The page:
Lunchtable TV talk: Another hit – Jett

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In my effusive praise of Mr Inbetween, in which I listed a number of contemporary TV shows with murder-for-hire themes, I failed to mention one of my most recent indulgences: Jett.

I thought of it again suddenly as I was writing about women characters and their often much more transformative journeys as compared to the men with whom they share the screen. In particular, I reflected on some of the more fearless moves women characters have made, and how some of the coldest, most calculating women characters betray almost no emotion, despite how women are framed as being the more emotionally fragile of the sexes. And then I remembered: Jett, something/someone in the no-man’s-land of questionable and violent actions. Jett (Carla Gugino), is a fresh-from-prison, world-class thief who gets pulled back into this underworld, and repeatedly has to insist that she is “not a hit man” and that she does not kill people. Yet the danger in which she finds herself ensnared leaves her always on the edge of making that choice. She doesn’t always succeed in keeping her hands clean.

While not overtly about a hit man, or hiring people to kill for money, Jett does exist in the criminal universe in which a strategic hit isn’t far from possible. And despite her best efforts, she’s always adjacent to this action. Jett as a character isn’t moralizing and does not appear to agonize over very much, but there are moments when she comes to lines she doesn’t want to cross, and it’s fascinating to see how the character manages these dilemmas.

Photo by Javardh on Unsplash

 

Lunchtable TV talk: The reluctant hit – Mr Inbetween, Barry, Killing Eve & Mary Kills People

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My ambivalent relationship with televisual entertainment has led me into a patternof overdose, give up cold turkey, and then find some middle-ground, rationing my TV intake. In recent months, however, we’ve all mostly been stuck at home (not that this is anything new for me), I’ve fallen back into my multi-tasking, tv-viewing patterns of yesteryear.

These patterns aren’t terrible, but at some point I’m taking such an overload of information in, I don’t always absorb finer details of what I am watching. The constant stream makes me forget where I saw or heard something – which streaming platform, which character said what, what show was it? Unless I make notes while watching, which I don’t normally do because I am busily doing something else simultaneously, I can’t remember where anything came from and am already on to the next thing, diving into the endless flow of available content.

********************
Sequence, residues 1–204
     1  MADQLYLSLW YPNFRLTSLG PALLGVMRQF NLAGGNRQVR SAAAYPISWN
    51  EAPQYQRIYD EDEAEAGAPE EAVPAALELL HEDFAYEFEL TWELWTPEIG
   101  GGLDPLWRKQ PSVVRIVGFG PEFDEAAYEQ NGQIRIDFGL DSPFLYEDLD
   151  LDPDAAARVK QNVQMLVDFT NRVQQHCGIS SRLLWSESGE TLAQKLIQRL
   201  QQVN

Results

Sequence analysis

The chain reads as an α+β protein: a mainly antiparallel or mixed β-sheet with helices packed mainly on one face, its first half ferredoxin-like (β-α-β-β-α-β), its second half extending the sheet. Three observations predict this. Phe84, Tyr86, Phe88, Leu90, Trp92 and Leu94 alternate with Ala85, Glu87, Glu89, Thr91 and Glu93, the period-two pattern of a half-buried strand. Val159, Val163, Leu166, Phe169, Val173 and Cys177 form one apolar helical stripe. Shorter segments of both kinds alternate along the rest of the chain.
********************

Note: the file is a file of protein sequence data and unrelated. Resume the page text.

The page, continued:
I preface my brief discussion on the unusual Australian dark comedy, Mr Inbetween, in this way because I want to explain that most things I watch do not affect me deeply. I don’t find myself reflecting on them a lot after watching them. But a couple of weeks after bingeing the two seasons of Mr Inbetween, I am still thinking about it.

When I stumbled on it, I didn’t know what it was – and didn’t know what to expect. Was it meant to be funny, serious? Turns out it was very much… both of these things. Other articles have pointed out the abundance of “hitman”-related shows currently in production – from the offbeat Barry to the histrionic and, frankly, annoying Killing Eve.

“There are two immediate touch points elsewhere on your dial in Barry and Killing Eve, but Mr Inbetween is neither of those. The ethical axis in HBO’s Barry finds its equilibrium too easily, and in Barry an anti-hero too much in need of redemption, while Killing Eve spirals into its own emotional cyclone too quickly, playing fast and hard notes in a way that is thrilling but also dizzying.”

Shows like Fargo also have their share of hit-for-hire ‘workers’. And just this week I discovered a Canadian show called Mary Kills People, which I knew was about a doctor illegally helping terminally ill patients to die with assisted suicide. On the surface, Mary isn’t about hitmen, but its content turned out to be cat-and-mouse attempts to outsmart the police, morally ambiguous “hitman” allusions and a main character who is completely neglectful of her children. The poignance and humanity of euthanasia is almost entirely missing here (you’d be better off watching Louis Theroux‘s Altered States… and its coverage of people who choose death).

This, though, is yet another reason why Mr Inbetween is so extraordinary. Presenting extended moments of subdued comedy mixed deftly with matter-of-fact but emotionally wrenching moments (in particular, a season two moment in which the lead, Ray, assists in a suicide – quite a contrast to Ray’s detached approach to killing people professionally). The “inbetween” is what happens all the rest of the time (“Save for the moments that most people would do anything to avoid, life is pretty slow and uninteresting and undramatic and uninspiring.” –Jonathan Safran Foer, Here I Am).